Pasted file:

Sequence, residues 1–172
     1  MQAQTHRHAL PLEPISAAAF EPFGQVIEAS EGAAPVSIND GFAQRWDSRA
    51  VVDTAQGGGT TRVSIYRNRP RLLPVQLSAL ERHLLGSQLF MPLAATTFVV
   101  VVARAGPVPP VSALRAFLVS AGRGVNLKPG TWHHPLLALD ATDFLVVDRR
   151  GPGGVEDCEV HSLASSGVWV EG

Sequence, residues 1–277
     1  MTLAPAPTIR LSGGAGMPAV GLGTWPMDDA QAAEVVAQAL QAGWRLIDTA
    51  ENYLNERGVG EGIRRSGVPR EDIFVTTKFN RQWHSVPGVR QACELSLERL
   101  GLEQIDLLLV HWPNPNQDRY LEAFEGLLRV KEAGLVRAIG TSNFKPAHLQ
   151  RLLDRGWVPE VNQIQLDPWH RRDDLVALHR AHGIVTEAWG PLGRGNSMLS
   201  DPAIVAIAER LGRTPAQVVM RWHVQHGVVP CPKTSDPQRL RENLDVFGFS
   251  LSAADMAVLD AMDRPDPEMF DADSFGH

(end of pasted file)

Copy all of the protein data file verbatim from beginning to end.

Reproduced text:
Sequence, residues 1–172
     1  MQAQTHRHAL PLEPISAAAF EPFGQVIEAS EGAAPVSIND GFAQRWDSRA
    51  VVDTAQGGGT TRVSIYRNRP RLLPVQLSAL ERHLLGSQLF MPLAATTFVV
   101  VVARAGPVPP VSALRAFLVS AGRGVNLKPG TWHHPLLALD ATDFLVVDRR
   151  GPGGVEDCEV HSLASSGVWV EG

Sequence, residues 1–277
     1  MTLAPAPTIR LSGGAGMPAV GLGTWPMDDA QAAEVVAQAL QAGWRLIDTA
    51  ENYLNERGVG EGIRRSGVPR EDIFVTTKFN RQWHSVPGVR QACELSLERL
   101  GLEQIDLLLV HWPNPNQDRY LEAFEGLLRV KEAGLVRAIG TSNFKPAHLQ
   151  RLLDRGWVPE VNQIQLDPWH RRDDLVALHR AHGIVTEAWG PLGRGNSMLS
   201  DPAIVAIAER LGRTPAQVVM RWHVQHGVVP CPKTSDPQRL RENLDVFGFS
   251  LSAADMAVLD AMDRPDPEMF DADSFGH